5 locally before being reconfigured to accommodate an upgrade. 4. Access to enterprise-strength applications. Some organizations hold back from investing in a robust ERP system or similar enterprise-strength applications because they fear they do not have sufficient expertise within the IT staff. By outsourcing to a Managed Services provider, particularly with monthly subscription-based pricing, the organization gains access to a comprehensive and technically advanced solution without needing to add specialists to the IT staff. 5. Ability to scale up or down to handle peaks both predicted and unexpected. Variability in usage can result in peaks and valleys, based on time of day, day of the week, and season of the year. This is particularly true for firms that see massive spikes in volume of activity due to seasonal business fluctuations, open-enrollment periods, month-end closes, payroll cycles, and periods of heavy batch processing. In all of these situations, servers may be used heavily for a short period and then sit nearly dormant the rest of the year. With a well-managed Managed Services provider, loads are balanced across clients, industries and geographies to handle peak requirements without paying for excess capacity. Reservations about Shifting to a Managed Services Environment Given all of these benefits, why have some companies held back from moving to a Managed Services model for IT support? The answer is that there are a number of reasonable concerns regarding Managed Services, particularly models involving the use of a shared or public cloud: Concerns about security: Except for dedicated or private cloud configurations, data in a cloud is typically shared alongside data from other customers. Is the data secure? Is it protected from inappropriate or illegal activity? Although these concerns are often given as reasons not to move applications and data to a public cloud, the reality is that a large commercial provider of Managed Services often has greater expertise and greater resources to focus on this problem than the typical corporate IT department. Concerns about reliability, performance: The CIO must trust others to provide reliable and highly available services. Cloud outages have been highly publicized, raising concerns about the maturity of the technology. For example, the failure of Amazon s cloud-based service in 2011 led many to question whether the cloud as a whole has achieved the necessary stability and reliability to serve as an enterprise-wide infrastructure. When comparing the amount of downtime and performance degradation experienced internally by a corporate IT team managing its own data center, however, the reliability and performance of the Managed Services industry as a whole has been exceptional. Losing control of valuable assets, particularly in environments where compliance is critical: In a Managed Services environment, you are no longer in direct control of your data. That can be a serious source of concern for companies where data must comply with specific regulatory standards. These compliance standards can come from within the organization itself, the industry within which it works, or from government agencies (e.g., the European Data Protection Directive). In some cases, full compliance may be challenging to achieve in a cloud-based environment unless the Managed Services provider also provides a cadre of specialists with the expertise to oversee compliance issues. As cloud technologies improve, and as compliance requirements adapt to accommodate cloud architectures, cloud-based infrastructures will continue to become more compliant, and therefore feasible for more organizations and workloads. Balancing the Rewards with the Risks As a buyer, you can balance the exceptional rewards available from a Managed Services environment with the potential risks. Doing so requires paying careful attention as you make three critical choices: 1. Selecting the right configuration options for your business objectives and technical environment. 2. Picking a vendor who can deliver on the Services part of the Managed Services model. 3. Establishing monitoring benchmarks and controls to get the most out of the Managed part of the model. Configuration Options. An organization has options to deploy a Managed Services infrastructure, and incorporate cloud computing into that infrastructure. Making the Most of Managed Services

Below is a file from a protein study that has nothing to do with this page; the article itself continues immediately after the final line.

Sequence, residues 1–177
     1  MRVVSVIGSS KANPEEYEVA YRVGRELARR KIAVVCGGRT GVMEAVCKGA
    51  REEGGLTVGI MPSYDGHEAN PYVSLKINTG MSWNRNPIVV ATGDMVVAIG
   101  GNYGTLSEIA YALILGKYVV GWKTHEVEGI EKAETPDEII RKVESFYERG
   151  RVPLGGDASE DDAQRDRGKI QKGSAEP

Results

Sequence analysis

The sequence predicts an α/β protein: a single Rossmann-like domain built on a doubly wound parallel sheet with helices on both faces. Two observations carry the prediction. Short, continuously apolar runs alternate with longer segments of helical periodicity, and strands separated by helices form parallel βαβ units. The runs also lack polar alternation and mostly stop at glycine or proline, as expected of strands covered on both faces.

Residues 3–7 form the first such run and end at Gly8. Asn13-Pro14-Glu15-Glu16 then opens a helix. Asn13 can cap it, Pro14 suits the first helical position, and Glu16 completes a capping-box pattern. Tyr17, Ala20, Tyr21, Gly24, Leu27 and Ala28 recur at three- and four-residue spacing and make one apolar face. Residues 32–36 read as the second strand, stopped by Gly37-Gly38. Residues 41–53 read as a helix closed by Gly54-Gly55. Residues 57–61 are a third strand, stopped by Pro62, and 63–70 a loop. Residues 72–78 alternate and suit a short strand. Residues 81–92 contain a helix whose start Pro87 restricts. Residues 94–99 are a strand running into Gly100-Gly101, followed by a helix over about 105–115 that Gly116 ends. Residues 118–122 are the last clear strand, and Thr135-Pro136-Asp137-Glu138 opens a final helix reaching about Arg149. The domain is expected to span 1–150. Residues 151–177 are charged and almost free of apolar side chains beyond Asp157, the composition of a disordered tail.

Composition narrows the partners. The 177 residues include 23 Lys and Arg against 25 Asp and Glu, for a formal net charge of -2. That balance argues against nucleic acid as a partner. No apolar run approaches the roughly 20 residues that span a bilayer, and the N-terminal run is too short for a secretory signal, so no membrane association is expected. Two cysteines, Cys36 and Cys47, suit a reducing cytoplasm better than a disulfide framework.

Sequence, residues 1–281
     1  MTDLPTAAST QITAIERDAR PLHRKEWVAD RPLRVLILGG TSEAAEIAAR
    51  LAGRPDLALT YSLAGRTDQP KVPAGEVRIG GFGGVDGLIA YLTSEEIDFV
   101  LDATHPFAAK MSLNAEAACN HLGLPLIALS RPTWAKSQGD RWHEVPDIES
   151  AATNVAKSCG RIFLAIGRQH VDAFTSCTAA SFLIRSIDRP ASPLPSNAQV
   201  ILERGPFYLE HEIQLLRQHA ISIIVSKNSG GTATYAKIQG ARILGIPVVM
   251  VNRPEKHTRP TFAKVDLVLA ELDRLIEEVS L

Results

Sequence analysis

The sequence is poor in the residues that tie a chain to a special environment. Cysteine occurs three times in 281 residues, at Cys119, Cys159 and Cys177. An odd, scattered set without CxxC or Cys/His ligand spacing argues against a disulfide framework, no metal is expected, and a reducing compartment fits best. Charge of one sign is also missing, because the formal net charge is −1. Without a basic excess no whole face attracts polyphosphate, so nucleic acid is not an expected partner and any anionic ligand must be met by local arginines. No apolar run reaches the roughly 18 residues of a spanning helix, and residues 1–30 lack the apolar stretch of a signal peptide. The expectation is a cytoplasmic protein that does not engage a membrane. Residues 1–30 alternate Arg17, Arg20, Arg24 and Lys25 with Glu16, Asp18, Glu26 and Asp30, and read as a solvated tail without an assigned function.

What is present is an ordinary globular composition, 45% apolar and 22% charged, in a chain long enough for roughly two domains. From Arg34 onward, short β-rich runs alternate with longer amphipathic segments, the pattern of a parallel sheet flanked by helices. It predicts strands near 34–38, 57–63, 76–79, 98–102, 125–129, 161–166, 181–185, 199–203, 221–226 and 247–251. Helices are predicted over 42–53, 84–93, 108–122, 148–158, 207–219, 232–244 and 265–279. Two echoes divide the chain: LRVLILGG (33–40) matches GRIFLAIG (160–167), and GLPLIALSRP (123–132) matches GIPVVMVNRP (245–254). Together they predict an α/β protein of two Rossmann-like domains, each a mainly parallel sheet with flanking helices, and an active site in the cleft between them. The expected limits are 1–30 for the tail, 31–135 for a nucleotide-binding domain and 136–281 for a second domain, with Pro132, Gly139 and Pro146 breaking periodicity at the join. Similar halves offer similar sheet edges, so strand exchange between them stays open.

6 For example, you can place just parts of your infrastructure or even just subcomponents of enterprise applications in the cloud; a choice that allows you to run your own proof-of-concept trial while you become familiar with the technology. Managed Services providers often employ a wide range of configurations, depending on a client s needs, including: 1. Mix of On-Premise System and Public Cloud. Some organizations choose to house parts of their IT infrastructure in their own data center (either using a cloud configuration or not) and then housing other components in an external cloud environment. For example, some organizations find it economical to put their test/development and/or disaster recovery systems in a hostedcloud solution. Others put specific modules in an external hosted environment. 2. Full Cloud Solution Multi-Tenant. In this configuration, multiple businesses use a singlehosted cloud environment, sharing physical hosts among them. Advanced firewalls and security rules allow this structure to function with maximum efficiency while keeping each tenant s systems and data secure. 3. Full Cloud Solution Single Tenant. This configuration also uses a hosted cloud solution but instead of companies sharing the same physical hosts, they are separated out into distinct physical hosts. This type of hosted cloud implementation is very similar to a dedicated hosted environment, providing the customer with the maximum in security and control; however, it is also the most expensive because the customer is requiring the cloud provider to dedicate equipment to their business instead of sharing it. Ultimately, the right configuration will be driven by your business objectives. Are you looking primarily for system back up? Is your goal to implement a simpler and less expensive plan for disaster recovery and business continuity? Are you looking to enhance your security, perhaps through implementation of more secure firewalls or through protection? Your business objectives will play a large role in determining the right technical configuration. Choosing the Right Vendor. The Managed Services provider will become an extension of your in-house IT team. The provider s team will get to know your business intimately, learning to work in harmony with your total organization and adapt to its culture. As a result, you want to look for a vendor who has the methodology and tools in place to deliver the services part of the term Managed Services agreement. The ideal Managed Services provider will follow robust processes to gain insight into both your technical infrastructure and your business. For example, if your business experiences significant swings in volumes of activity, perhaps due to seasonal variations, you want the Managed Services provider to design the hosted environment to assure optimal and consistent provider. Other traits to look for to find the right services provider: Look for a Managed Services provider who is flexible in how the services are organized, how they are priced, and what they provide. Also look for a provider who has a full consulting team on call. Many Managed Services providers have stripped down IT teams who struggle to get the work done if the job calls for anything more complex than routine break/fix and maintenance issues. As a checklist, consider the following six characteristics of excellence which the most successful Managed Services providers will possess: 1. Following Information Technology Infrastructure Library (ITIL) standards: ITIL is an industryaccepted standard defining how to provide best-in-class IT services to end users. As the most widely adopted approach for IT services management in the world, ITIL provides a nononsense, practical framework for identifying, planning, delivering and supporting IT services to a business or other organization. 2. Well-defined knowledge acquisition and retention process: The services provider must get to know you as a customer, how you run your business, and the critical processes that make your business successful. In addition, the services provider has a systematic way of retaining this knowledge, once it has been acquired. 3. Foundational documents: The best Managed Services providers develop a comprehensive governance plan, support manual, and onboarding guidebook for each customer. This is part of an ITIL-compliant framework but it also provides you with the foundation to bring your environment back in-house later, if you decide to do so. 6